Ah, it’s over! This trip report was a bit too ambitious and I’m exhausted from writing it, so I think I’ll just end it here. I wanted to go into detail because when I was planning my trip I didn’t find too much about Bora Bora so hopefully this has been a semi-useful resource. Anyway, at the end of an amazing trip (including a bike ride around the island which was exhausting and fulfilling as this trip report), we finally had a few flights home. At this point, I was anxious to get home: nine days away from Baby M is a lot and we couldn’t wait to see her!
OK, you’re tired of reading about Bora Bora and I’m tired of writing about it. BUT – the Intercontinental Thalasso’s Deep Ocean Spa is well worth a post. Seeing as we spent our last day there and it was the perfect ending to an amazing trip, I don’t mind writing this (penultimate) post in this ridiculous trip report!
While snorkeling was our most expensive excursion, the cheapest way we passed the time was by hanging out in our hotel all day. Well, cheap in the sense that we didn’t spend any EXTRA money on it. But the Intercontinental Thalasso is really nice and a great place to relax, so I thought I’d point out a few of our favorite recreational activities at the resort.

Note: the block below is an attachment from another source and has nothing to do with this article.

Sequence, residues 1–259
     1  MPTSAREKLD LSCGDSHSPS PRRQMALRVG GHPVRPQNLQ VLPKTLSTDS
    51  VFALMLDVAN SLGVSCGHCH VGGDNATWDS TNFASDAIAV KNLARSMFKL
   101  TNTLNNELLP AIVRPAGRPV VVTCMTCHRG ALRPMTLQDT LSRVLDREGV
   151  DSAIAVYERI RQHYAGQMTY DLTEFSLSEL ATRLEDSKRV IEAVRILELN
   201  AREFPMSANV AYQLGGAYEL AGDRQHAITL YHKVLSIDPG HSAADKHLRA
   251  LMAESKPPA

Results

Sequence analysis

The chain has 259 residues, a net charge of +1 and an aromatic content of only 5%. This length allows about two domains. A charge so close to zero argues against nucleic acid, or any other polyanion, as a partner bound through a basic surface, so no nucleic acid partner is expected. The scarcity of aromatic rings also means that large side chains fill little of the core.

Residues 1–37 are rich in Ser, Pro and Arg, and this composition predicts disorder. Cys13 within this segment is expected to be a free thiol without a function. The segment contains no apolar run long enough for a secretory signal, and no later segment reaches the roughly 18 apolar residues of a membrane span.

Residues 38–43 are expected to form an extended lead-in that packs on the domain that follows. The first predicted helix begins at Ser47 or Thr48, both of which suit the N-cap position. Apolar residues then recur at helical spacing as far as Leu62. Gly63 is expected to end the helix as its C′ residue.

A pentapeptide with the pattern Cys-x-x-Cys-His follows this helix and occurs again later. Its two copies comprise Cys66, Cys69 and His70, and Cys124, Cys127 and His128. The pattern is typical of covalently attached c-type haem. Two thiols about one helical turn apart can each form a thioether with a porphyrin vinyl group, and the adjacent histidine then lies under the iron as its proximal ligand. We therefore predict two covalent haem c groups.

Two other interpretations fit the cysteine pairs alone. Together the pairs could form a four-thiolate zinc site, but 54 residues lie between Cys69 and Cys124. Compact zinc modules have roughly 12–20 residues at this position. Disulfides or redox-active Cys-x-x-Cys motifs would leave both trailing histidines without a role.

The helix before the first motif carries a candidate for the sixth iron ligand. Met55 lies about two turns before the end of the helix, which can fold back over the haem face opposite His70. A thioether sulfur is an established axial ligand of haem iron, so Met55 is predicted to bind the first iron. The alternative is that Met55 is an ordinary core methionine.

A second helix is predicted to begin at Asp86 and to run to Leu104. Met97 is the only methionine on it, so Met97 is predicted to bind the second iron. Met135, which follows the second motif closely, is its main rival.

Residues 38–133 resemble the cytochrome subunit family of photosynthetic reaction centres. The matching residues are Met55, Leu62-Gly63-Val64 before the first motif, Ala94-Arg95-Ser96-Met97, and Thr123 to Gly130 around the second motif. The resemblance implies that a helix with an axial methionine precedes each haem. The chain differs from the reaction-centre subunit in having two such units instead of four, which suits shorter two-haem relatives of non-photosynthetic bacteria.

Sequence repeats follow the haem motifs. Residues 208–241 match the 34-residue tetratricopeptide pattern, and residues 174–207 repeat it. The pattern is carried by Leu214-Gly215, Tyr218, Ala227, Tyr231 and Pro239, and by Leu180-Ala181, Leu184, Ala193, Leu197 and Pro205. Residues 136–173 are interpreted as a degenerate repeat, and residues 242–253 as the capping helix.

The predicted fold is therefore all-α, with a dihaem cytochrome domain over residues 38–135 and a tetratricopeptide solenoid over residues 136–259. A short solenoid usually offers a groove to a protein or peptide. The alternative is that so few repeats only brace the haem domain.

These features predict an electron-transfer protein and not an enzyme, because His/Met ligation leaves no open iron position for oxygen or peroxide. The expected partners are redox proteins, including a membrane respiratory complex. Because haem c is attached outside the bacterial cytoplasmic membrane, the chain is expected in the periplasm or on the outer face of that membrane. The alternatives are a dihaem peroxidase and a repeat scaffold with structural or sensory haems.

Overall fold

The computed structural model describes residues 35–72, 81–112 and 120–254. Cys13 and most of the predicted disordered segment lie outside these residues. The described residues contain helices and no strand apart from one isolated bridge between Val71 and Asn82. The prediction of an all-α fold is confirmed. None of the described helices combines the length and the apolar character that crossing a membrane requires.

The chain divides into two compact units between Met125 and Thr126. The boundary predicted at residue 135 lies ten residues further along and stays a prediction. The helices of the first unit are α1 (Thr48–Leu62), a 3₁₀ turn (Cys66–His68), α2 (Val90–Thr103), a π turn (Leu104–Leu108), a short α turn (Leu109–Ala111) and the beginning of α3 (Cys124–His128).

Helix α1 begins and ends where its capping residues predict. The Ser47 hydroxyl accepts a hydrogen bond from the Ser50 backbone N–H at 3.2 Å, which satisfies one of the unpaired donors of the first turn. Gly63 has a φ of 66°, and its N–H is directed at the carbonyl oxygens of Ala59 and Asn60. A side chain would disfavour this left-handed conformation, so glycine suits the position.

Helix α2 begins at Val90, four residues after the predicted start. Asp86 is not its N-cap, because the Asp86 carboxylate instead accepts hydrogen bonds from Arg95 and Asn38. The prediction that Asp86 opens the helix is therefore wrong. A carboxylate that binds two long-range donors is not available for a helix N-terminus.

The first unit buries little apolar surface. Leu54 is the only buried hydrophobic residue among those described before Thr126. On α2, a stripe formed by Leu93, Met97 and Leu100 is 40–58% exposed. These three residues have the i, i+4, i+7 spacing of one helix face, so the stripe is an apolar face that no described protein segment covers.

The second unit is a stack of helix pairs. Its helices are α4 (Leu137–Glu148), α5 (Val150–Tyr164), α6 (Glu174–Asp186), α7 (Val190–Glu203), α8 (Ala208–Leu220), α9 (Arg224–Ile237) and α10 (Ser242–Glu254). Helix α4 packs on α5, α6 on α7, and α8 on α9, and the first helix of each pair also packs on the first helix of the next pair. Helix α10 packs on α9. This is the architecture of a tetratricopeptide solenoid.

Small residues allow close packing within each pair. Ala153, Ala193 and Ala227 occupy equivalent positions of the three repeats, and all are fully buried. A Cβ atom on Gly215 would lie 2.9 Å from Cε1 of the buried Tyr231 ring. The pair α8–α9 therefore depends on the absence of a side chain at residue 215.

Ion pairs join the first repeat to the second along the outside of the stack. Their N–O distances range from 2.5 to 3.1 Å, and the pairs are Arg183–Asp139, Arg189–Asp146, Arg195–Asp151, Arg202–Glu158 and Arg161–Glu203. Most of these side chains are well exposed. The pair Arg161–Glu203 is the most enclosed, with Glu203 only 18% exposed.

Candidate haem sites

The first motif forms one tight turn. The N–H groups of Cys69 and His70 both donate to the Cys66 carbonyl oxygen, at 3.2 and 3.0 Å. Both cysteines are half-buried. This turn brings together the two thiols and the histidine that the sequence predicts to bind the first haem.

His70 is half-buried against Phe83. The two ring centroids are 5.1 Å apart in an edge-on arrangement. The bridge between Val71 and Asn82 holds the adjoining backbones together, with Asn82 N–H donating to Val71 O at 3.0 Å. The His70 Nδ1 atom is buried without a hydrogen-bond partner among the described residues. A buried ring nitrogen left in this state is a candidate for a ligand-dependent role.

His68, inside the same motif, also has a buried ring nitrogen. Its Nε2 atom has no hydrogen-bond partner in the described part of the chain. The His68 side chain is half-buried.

So, once you arrive in Tahiti (Papeete, to be exact), you still aren’t in Bora Bora yet. Most people don’t stay on the island of Tahiti, instead they go to one of the neighboring islands where the water is more picturesque, though I hear Tahiti has some nice cultural aspects to explore. With the exception of Moorea which you can reach by ferry and island cruises, you need to fly Air Tahiti, not to be confused with Air Tahiti Nui which we took from LAX, to get from island to island. It’s not cheap: the cost was $400 round trip per person to and from Bora Bora. Air Tahiti definitely has the monopoly thing down pat. This post will discuss our Air Tahiti flights and getting into and checking in at the Intercontinental Thalasso.
The only way to get directly from North America to Tahiti is via Air Tahiti Nui – an airline that has a fleet of five Airbus 340s. Three of the five planes have remodeled cabins with new seats in both business class and economy – but it’s pretty much luck of the draw which cabin you get. After three totally kind of annoying domestic connections on US Airways and an hour at the new Tom Bradley International Terminal in LAX, Jess and I were ready for our flight to the South Pacific. Unfortunately, we drew the short straw and ended up on one of Air Tahiti Nui’s old business class – better than coach but a far cry from some of the newer international business class cabins out there. Apologies in advance, I didn’t take too many pictures – I was so exhausted by that point I just needed to relax!